Callbacks to command-and-control (C2) servers can be indicators of an early stage breach, or evidence of data exfiltration already in process. While callbacks to botnets can be very stealthy, advanced persistent threats (APTs) mean business! They usually begin with a phishing attack that installs malicious code onto an unsuspecting employee’s device through a browser extension, weaponized document or rogue software. The attacks are often extremely targeted toward employees that handle an organization’s critical information, such as financial data – typically in human resources or accounts payable departments. Once a machine is compromised, the hacker will ping the infected device for a callback to test the new connection and determine if the transmission will go undetected by the organization’s security. We often see these callback attempts in the form of zero-byte FTP file transfers or IRC communications. The majority of the time, these test transmissions go undetected over prolonged period or even indefinitely.
Boldened with success, the hackers carefully and slowly exfiltrate corporate data – credentials, financial data, employee records, and other sensitive information. Bad actors use these attacks to look for back-door access to corporate networks and are going beyond the typical fake log-in pages that attacks traditionally employ. The threat research team here at SlashNext detect a multitude of new attacks that do not involve fake logins every day. They include malicious browser extensions, rogue apps, social engineering scams, subsequent post-infection C2s, and tech support scams that lead to this remote backdoor access. C2 attacks are very hard to defend against with traditional network security solutions because of the stealthy and persistent nature of the hackers using these methods. Even popular data loss prevention (DLP) tools that are specifically designed to detect data leaks and exfiltration have severe limitations and therefore can’t prevent all data losses before they occur. In addition, DLP solutions are notoriously high maintenance, ineffective at stopping insider threats, hinder communications, and can slow systems down.
Just how prevalent are these C2 infections? In every client install we have performed – 100 percent! – we have detected C2 infections and callback threats. We’ve found, they simply are not being detected with the network security software organizations are utilizing – despite the wide-range of protection our customers use. The implications of these C2 infections is tremendous. Today, a bad actor can go to the dark web to buy access to an infected machine belonging to the organization they want to target. Every organization has employees and devices that have been infected. Information is often compromised and readily available for the buyers. All hackers have to do is pay a middleman for access. They don’t have to go to great lengths to try to scam you, because the compromised machines, often with malicious browser extensions installed, are already available for sale.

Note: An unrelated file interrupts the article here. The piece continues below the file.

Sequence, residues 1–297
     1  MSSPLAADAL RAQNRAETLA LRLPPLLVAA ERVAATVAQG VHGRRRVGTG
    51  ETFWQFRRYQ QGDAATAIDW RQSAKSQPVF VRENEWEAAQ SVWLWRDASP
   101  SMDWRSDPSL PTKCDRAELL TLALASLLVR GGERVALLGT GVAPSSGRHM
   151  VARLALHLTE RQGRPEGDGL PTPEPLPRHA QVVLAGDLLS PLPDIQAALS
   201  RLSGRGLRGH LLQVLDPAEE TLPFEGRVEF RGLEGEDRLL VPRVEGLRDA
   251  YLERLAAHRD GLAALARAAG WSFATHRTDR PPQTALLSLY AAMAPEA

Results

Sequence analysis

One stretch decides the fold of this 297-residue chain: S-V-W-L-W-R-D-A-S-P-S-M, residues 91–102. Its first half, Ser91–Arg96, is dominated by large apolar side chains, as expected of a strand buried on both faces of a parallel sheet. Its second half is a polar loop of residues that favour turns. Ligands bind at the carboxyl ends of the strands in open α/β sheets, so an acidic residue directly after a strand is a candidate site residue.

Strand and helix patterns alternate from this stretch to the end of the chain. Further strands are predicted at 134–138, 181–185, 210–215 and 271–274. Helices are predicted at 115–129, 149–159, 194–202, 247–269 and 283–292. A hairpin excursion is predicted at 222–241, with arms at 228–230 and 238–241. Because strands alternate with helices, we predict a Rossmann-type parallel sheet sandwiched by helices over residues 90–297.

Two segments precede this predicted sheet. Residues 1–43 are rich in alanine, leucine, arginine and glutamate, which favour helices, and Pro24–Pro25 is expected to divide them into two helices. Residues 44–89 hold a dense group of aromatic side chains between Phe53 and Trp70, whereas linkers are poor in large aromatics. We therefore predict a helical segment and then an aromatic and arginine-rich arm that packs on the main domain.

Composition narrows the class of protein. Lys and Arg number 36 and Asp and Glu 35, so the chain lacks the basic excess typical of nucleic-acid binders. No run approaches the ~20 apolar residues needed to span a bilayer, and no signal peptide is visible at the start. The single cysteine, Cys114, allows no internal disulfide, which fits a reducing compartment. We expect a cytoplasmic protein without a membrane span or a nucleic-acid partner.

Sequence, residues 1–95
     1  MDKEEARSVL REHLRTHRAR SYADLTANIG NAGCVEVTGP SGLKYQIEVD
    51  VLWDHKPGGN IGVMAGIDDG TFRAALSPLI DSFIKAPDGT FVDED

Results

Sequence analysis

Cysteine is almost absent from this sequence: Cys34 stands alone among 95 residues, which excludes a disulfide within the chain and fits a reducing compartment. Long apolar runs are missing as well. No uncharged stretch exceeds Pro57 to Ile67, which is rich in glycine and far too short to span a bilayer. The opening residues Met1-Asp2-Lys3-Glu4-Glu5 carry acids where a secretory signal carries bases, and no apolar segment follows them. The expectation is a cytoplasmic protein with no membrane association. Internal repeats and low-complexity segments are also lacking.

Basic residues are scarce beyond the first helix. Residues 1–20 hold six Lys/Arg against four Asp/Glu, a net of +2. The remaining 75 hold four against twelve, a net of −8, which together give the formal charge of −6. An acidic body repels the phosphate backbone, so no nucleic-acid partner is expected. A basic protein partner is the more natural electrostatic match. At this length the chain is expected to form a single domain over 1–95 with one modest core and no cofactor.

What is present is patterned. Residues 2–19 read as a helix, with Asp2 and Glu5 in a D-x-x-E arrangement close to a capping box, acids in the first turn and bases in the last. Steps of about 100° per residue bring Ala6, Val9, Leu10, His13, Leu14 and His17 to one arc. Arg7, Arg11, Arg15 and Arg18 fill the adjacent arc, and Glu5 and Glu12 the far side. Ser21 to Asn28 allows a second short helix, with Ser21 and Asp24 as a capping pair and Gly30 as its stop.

Much of the security industry tries to prevent phishing by examining URLs and domains. That technology is often neither accurate nor quick enough to detect new and fast-moving attacks. Our approach for detecting threats centers on the behavioral analysis of the web page content. If something looks suspicious, it’s loaded into a virtual browser session and renders the whole page, so our Session Emulation and Environment Reconnaissance (SEER™) threat detection technology can detect threats missed by URL inspection and domain reputation analysis.
SlashNext’s Real-Time Phishing Threat Intelligence is very easy to integrate, it’s generated in real-time and available through a REST API, covering all six major categories of phishing and social engineering threats:
The threat feed from this product is available in multi-formats (JSON, CSV, plaintext). It can be fed it to your SIEM for correlation, or firewalls to see how many infected machines exist in your organization. It can be used in your blocking infrastructure and integrated into a Threat Intelligence Platform (TIP) to become part of a unified blocking feed.
Remember, every new client that has used our products found out they were infected! 100 percent! Is your organization infected with a callback? There’s one easy way to find out… contact us!
*** This is a Security Bloggers Network syndicated blog from SlashNext authored by Lisa O’Reilly. Read the original post at: https://www.slashnext.com/phishing-c2-callbacks-your-organization-has-likely-already-been-compromised/